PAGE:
Preprints

Filtering by Subject: Psychology

Psychological and Cultural Factors Influencing Antibiotic Prescription

Francisco Dionisio, Fernando Baquero, Marina Fuertes

Published: 2022-06-20
Subjects: Bacteriology, Child Psychology, Health Psychology, Life Sciences, Medicine and Health, Medicine and Health Sciences, Microbiology, Psychiatry and Psychology, Psychological Phenomena and Processes, Psychology, Social and Behavioral Sciences, Sociology, Sociology of Religion

Humans have been giving a selective advantage to antibiotic-resistant bacteria worldwide by inundating the environment with antimicrobials for about one century. As a result, the efficacy of antibiotics has been impaired. Antibiotic resistance is a public health problem, responsible for increases in mortality and extended stays at hospitals. Hospitals and other clinical settings have implemented [...]

Survival of the luckiest

Sergio Da Silva

Published: 2022-02-25
Subjects: Ecology and Evolutionary Biology, Evolution, Life Sciences, Psychology, Social and Behavioral Sciences

Opposite dynamics are behind natural selection and sexual selection. While the fittest survives in natural selection, the survivor will most likely be the luckiest when both dynamics are combined.

Day and night camera trap video is effective for identifying wild Asian elephants

Sasha Montero-De La Torre, Sarah L Jacobson, Marnoch Yindee, et al.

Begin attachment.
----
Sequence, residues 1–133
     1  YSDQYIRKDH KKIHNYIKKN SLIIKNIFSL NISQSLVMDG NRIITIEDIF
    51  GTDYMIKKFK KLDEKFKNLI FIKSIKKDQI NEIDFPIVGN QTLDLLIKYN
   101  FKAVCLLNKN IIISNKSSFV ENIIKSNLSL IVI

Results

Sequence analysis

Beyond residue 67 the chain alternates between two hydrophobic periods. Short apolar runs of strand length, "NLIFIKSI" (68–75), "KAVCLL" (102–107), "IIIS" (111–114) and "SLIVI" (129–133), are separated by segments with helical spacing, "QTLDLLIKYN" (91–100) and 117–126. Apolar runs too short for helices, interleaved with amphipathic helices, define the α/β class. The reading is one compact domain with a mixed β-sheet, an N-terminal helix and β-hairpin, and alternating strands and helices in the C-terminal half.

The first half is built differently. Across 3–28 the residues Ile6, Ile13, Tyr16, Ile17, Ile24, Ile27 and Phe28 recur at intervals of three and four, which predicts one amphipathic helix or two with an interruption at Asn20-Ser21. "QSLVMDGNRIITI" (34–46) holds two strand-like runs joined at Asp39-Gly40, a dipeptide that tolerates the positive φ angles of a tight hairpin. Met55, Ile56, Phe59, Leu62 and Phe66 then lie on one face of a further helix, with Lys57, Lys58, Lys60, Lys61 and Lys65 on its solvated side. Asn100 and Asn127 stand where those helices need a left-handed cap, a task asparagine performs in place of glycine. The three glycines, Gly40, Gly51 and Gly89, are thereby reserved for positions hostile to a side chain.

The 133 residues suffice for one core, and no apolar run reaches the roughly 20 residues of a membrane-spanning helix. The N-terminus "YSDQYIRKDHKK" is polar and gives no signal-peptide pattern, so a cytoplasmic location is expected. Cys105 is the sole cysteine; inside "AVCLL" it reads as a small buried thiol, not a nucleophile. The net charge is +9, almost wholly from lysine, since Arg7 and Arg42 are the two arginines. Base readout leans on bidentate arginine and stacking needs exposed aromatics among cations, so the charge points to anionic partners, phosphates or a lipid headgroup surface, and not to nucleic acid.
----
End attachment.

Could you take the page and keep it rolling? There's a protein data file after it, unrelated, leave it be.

Published: 2021-07-24
Subjects: Biodiversity, Biology, Comparative Psychology, Integrative Biology, Life Sciences, Psychology, Social and Behavioral Sciences

Camera traps provide a virtual window into the natural world of wild animals, as they provide a noninvasive way to capture anatomical and behavioral information. Regular monitoring of wild populations through the collection of behavioral and demographic data is critical for the conservation of endangered species like the Asian elephant (Elephas maximus). Identifying individual elephants can [...]

Understanding determinants of the intention to purchase rhino horn in Vietnam through the Theory of Planned Behaviour and the Theory of Interpersonal Behaviour

Hoai Nam Dang Vu, Martin Reinhardt Nielsen

Published: 2021-04-12
Subjects: Psychology, Social and Behavioral Sciences, Social Psychology

Demand for rhino horn in Asian markets is driving a rhino poaching crisis in Africa. This study examined rhino horn demand using the theory of planned behaviour and the theory of interpersonal behaviour. We conducted a survey of 427 individuals in Hanoi, Vietnam, including 281 rhino horn users and 146 non-users. We empirically tested all constructs of the two theories predicting intention to [...]

Human social organization during the Late Pleistocene: Beyond the nomadic-egalitarian model

Manvir Singh, Luke Glowacki

Published: 2021-03-13
Subjects: Anthropology, Archaeological Anthropology, Behavior and Ethology, Biological and Physical Anthropology, Biological Psychology, Ecology and Evolutionary Biology, Evolution, Life Sciences, Physical Sciences and Mathematics, Psychology, Social and Behavioral Sciences, Social and Cultural Anthropology